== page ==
Curb munching, pounds over the holidays Add vegetables, limit sweets

2013-12-07T17:16:00Z 2013-12-13T13:00:55Z Curb munching, pounds over the holidays Add vegetables, limit sweetsBy JAMIE LOBER Business Journal Writer Herald-Review.com
December 07, 2013 5:16 pm  • 

The holidays are often referred to as the most wonderful time of the year.

At the same time, winter is a season where people need to learn to resist the urge to graze over the party buffet and keep good health and nutrition in mind while participating in office potlucks and enjoying holiday snacks.

“It is important that you do not just say that it is the holidays so you can eat whatever you want and however much that you want,” said Brandi Binkley, director of health promotion at the Macon County Health Department.

Particularly if you want to shed some pounds for the New Year, make sure your expectations are realistic.

“I would recommend trying to maintain weight because you do not want the pressure of losing weight during the holidays,” said Kris Richman, registered dietitian at St. Mary’s Hospital.

The key is to maintain a balanced diet.

“A lot of times people neglect the vegetables, like broccoli, cauliflower and carrots, and choose the higher carb foods,” said Shanell Schulz, registered dietitian with the DMH Wellness Center.

This common problem has an easy fix.

“If you add more vegetables to your plate, you are less likely to consume cookies, cakes and pies,” Schulz said. For the main dish, choose baked or grilled chicken or shrimp instead of fried.

Here are some more tips for keeping your munching, and unwanted pounds, under control.

Recognize when you are full. “Be mindful of what you are taking in and make sure you realize that your eyes are bigger than your stomach,” Richman said. If you are at a buffet, only fill your plate once and try to find a table that is not hovering over the food to avoid temptation.

A little indulgence is OK but a lot can lead to weight gain.

“Keep everything to half a fist to help you control portions,” Schulz said.

If you have any health issues, discuss any dietary changes with your doctor.

“I use a plate method in class for diabetes where you draw a plate and split it in half — half should be vegetables, a quarter should be protein and a quarter should be grain,” Schulz said.

Meat is not all bad. “Lean meats are going to be the best and you can have beef as contrary to popular belief like sirloin or ground beef that is 90 percent or leaner,” Schulz said. Chicken breast, turkey, fish or pork chops are great and even some eggs and lean cheese are low fat and good sources of protein.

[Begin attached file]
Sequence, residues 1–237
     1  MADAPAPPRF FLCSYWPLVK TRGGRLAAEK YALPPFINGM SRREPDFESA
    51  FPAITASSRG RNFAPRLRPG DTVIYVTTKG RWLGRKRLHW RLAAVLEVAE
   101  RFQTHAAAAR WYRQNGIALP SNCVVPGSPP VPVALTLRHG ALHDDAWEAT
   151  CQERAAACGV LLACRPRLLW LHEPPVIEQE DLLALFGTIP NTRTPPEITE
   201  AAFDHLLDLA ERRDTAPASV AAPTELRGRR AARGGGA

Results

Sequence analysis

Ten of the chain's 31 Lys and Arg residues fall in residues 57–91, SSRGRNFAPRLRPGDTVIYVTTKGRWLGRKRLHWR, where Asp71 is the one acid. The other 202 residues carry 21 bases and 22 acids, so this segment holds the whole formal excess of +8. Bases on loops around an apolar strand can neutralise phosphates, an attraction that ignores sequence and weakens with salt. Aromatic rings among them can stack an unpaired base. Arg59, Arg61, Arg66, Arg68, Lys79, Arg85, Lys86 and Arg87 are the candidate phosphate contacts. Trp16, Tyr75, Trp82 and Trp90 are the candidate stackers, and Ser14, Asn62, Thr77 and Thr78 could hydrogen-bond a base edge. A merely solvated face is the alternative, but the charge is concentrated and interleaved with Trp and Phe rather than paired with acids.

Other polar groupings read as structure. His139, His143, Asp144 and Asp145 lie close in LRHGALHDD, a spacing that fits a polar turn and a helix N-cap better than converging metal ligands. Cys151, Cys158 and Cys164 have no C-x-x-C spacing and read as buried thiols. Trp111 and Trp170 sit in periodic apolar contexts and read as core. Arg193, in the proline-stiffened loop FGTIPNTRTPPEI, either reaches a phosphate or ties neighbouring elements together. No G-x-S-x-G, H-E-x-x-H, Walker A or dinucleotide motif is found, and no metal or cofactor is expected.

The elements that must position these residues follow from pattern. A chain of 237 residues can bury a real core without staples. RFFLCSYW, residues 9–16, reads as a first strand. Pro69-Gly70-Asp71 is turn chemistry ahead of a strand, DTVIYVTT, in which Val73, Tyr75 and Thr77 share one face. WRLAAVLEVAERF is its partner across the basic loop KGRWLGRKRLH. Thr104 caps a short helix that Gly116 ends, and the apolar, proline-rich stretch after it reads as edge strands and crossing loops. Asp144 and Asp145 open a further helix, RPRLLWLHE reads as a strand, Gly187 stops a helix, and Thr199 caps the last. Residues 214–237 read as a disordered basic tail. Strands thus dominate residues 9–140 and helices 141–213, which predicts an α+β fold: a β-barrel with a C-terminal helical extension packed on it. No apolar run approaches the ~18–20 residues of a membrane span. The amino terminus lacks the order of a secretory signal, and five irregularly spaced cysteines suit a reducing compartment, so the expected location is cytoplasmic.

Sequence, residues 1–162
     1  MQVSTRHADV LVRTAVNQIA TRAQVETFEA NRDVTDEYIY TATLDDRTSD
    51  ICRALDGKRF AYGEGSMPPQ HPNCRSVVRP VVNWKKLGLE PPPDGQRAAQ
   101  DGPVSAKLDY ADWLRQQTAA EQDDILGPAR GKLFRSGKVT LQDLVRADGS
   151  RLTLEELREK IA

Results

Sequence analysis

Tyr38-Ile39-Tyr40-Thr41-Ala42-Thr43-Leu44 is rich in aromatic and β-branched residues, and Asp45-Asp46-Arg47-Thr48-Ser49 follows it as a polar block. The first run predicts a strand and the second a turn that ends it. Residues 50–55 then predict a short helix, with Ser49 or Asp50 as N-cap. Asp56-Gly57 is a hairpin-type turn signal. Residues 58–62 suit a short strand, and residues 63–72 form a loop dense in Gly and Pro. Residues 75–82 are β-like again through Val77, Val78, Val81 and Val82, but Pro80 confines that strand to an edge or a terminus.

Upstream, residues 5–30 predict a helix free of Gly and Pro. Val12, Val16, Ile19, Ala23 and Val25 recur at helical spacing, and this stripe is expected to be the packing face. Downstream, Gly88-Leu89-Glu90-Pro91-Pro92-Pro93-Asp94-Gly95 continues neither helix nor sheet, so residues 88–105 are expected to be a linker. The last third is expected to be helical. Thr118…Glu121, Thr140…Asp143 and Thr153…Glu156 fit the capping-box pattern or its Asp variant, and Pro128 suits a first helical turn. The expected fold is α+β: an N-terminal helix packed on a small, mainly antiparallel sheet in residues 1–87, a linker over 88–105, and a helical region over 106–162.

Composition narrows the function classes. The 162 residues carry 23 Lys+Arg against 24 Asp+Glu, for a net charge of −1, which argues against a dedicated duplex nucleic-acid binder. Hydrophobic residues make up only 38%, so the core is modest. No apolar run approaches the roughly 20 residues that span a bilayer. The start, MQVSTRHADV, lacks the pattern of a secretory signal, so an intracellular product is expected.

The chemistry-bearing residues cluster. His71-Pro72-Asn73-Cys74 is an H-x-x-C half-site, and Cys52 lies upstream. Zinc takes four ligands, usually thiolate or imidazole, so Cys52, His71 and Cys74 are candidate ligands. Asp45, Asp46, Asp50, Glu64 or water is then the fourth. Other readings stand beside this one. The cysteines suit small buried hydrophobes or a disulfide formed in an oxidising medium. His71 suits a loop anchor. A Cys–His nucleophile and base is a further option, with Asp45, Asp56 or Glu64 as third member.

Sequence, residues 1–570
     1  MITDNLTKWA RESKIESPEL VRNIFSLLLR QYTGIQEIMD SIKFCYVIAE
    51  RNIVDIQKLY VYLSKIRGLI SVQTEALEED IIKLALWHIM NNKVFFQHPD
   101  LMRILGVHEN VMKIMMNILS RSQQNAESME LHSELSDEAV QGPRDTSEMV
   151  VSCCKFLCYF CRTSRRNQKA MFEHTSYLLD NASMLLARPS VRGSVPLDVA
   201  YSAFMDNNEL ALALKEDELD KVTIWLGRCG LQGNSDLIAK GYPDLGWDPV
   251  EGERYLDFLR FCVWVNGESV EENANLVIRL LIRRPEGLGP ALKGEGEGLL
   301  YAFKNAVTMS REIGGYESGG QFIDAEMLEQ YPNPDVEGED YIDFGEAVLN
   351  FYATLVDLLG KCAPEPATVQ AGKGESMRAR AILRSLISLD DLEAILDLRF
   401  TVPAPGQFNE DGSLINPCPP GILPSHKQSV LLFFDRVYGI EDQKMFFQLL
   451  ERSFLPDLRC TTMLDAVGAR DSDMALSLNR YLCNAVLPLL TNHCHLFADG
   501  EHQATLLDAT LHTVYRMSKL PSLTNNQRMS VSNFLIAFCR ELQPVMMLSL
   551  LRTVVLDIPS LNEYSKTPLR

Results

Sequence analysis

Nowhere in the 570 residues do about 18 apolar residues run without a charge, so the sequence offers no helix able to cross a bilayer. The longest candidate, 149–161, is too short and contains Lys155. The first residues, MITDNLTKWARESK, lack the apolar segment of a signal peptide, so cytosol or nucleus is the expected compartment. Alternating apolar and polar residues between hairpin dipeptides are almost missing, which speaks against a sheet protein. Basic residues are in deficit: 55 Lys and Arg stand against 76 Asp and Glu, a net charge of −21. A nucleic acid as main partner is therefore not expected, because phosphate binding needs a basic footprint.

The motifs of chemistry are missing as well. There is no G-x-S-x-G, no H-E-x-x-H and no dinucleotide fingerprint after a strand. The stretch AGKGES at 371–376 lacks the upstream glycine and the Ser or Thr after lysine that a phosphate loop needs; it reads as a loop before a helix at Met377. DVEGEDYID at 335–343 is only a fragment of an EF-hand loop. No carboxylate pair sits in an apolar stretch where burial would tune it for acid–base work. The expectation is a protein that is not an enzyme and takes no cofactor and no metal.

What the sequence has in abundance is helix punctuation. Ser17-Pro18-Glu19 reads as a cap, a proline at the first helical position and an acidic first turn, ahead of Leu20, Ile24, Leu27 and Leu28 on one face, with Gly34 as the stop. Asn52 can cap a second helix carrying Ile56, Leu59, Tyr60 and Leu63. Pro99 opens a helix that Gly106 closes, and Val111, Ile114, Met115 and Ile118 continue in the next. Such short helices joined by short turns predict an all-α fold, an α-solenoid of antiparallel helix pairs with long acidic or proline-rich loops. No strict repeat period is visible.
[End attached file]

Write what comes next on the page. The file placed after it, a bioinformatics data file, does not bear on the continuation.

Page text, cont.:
Not all sweets are bad. “There are sugar-free items people can use for replacements of desserts like Splenda in baking to reduce calories and carbohydrates,” Schulz said.

Adding fruit to a recipe can make it healthier and fruit salad with a little Cool Whip is a great option.

“Making something yourself rather than purchasing it can cut a lot of calories out,” Schulz said.

Try not to get carried away in the kitchen. “Make sure you are not snacking while you are cooking,” Richman said.

Know the contents of what you are putting together by doing a little research. “You can find recipes online with the nutrition facts,” Richman said.

If you are going to a potluck, bring something that you are OK going home with. If you are not a big fan of pies, do not bring one because you may be taking some home with you.

“I often suggest a fruit or veggie tray because everyone forgets about that and always brings casseroles and dips,” Schulz said.

It is also a good idea to bring something with a little protein. “You can bring a cheese tray with crackers since it is easy to assemble,” Schulz said. You can always dare to be different and bring a plant or floral arrangement to the office instead of something edible.

If you are strong-willed you may choose to eat beforehand where you have more control over what you consume and hold a beverage to keep your hands busy.

Stay hydrated. “Often we drink alcohol during holiday celebrations so it is important to drink lots of water and you can have a sugar substitute like Crystal Light or put different flavors like lime or lemon slices to flavor up the water a little bit,” Schulz said. Iced tea and coffee are other good low-calorie items.

Of course, if you ever have questions or concerns about nutrition, you can always meet with a dietician.

“It would be a good idea to meet with a dietician if you are a newly diagnosed diabetic or have high cholesterol or high blood pressure because a lot of times foods around the holiday season are high-sugar and high-fat items and you may not know how much you should be consuming,” Schulz said.

Whether you work with yourself, a friend or professional, it is possible to get through the holiday season without packing on pounds.

Copyright 2015 Herald-Review.com. All rights reserved. This material may not be published, broadcast, rewritten or redistributed.

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